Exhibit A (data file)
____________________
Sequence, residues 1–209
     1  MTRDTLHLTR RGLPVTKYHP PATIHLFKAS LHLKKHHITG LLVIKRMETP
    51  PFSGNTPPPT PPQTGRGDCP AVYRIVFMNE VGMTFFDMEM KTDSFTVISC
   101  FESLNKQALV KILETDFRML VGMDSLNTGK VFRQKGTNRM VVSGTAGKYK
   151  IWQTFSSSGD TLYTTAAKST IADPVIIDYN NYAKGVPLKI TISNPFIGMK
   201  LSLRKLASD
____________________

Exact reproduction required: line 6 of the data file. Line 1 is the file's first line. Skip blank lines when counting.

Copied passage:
   201  LSLRKLASD